As Christians, you know that the bible is one of the ways that God opens up and speaks to us. But like me, many believers do sometimes still dread it when the word “bible study” is mentioned to them.

Why the fear of studying one of the most important aspects of being a Christian? I think one of the reason is many do not know how to do it effectively. Just like a craftsman without his tools, a Christian without the knowledge of “how” to go about studying the bible will be just like a “tool-less” craftsman.

Want to learn how to enjoy the word of God? Here’s 4 simple ways to kick start your wonderful journey:

1. Look at how three or four different Bible translations have the word rendered in the passage you are studying (you can look at many translations at Perhaps the same English word or phrase is used uniformly. If not, you will learn something by noting how different translators rendered it.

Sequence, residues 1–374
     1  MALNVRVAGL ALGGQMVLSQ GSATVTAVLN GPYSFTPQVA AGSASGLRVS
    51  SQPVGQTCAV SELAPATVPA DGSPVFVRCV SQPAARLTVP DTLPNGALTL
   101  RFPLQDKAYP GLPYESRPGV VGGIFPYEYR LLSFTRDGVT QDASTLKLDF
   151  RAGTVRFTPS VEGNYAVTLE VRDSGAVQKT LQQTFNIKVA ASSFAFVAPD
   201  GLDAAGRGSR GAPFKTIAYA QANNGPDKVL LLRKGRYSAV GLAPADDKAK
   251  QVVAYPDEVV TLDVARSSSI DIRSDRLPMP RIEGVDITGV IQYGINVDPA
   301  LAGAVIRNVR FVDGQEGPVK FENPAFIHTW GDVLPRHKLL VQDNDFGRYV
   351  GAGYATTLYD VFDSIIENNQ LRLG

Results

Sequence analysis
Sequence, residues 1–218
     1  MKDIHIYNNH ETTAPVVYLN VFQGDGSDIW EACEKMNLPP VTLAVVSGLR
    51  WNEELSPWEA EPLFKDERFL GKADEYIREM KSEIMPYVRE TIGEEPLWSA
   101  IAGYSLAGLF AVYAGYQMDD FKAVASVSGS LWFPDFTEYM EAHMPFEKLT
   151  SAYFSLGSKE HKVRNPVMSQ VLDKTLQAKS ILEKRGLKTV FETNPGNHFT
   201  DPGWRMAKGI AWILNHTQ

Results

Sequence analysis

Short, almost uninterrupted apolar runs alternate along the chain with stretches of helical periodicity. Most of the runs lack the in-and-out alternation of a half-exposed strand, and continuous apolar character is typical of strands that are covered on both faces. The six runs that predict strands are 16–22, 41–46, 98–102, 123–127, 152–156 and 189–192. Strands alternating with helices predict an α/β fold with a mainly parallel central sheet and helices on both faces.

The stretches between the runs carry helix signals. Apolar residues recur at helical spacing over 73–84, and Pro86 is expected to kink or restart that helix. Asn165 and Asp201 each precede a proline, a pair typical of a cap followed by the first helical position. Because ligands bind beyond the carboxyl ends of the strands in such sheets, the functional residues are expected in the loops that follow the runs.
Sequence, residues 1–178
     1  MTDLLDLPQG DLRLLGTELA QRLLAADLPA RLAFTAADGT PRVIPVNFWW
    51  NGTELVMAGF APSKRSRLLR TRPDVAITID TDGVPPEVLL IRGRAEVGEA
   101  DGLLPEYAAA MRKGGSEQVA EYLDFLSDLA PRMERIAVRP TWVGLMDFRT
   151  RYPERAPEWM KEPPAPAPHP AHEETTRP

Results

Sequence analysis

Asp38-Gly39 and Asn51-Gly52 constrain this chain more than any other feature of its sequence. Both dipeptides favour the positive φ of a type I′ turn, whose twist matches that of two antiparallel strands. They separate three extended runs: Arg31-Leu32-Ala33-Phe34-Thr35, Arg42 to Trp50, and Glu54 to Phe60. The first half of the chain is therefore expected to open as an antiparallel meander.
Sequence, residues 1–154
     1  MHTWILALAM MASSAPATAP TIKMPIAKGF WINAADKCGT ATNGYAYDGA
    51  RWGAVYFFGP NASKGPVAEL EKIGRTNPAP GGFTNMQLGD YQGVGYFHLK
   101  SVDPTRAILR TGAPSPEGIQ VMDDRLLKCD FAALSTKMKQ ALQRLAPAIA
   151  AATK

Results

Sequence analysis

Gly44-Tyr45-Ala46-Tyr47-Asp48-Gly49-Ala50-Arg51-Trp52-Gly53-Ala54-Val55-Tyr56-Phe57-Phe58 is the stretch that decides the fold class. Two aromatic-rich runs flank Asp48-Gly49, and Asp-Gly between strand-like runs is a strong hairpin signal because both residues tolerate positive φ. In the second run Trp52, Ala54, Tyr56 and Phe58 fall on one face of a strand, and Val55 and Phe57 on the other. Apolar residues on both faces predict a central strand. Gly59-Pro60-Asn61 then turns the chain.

2. Use a concordance (or an online tool like where you can use “keyword search”) to glance through a list of verses using the word you are curious about. Just remember that the word in English may be the translation of several different Hebrew or Greek words. (There are concordance functions that allow you to focus on only one specific Hebrew or Greek word.)

3. Look up the word in a Bible dictionary or encyclopedia. If “baptize” is in your passage, you’ll learn a lot from the article in the tool. There are not many uses of the word in the New Testament, so you can go and look them up yourself as well. Just make sure you do not assume that the entire semantic range of meaning of the word is included in the intended thought of a biblical author in any one passage. Note that some dictionaries specialize in theological words.

4. If the word is really pivotal, a detailed commentary will explain the meaning of the word (more about commentaries later). The commentator is leaning on the research of linguists and lexicographers, and giving us summary meanings. You are not likely to find word studies in one-volume commentaries, but in commentaries devoted to single biblical books.

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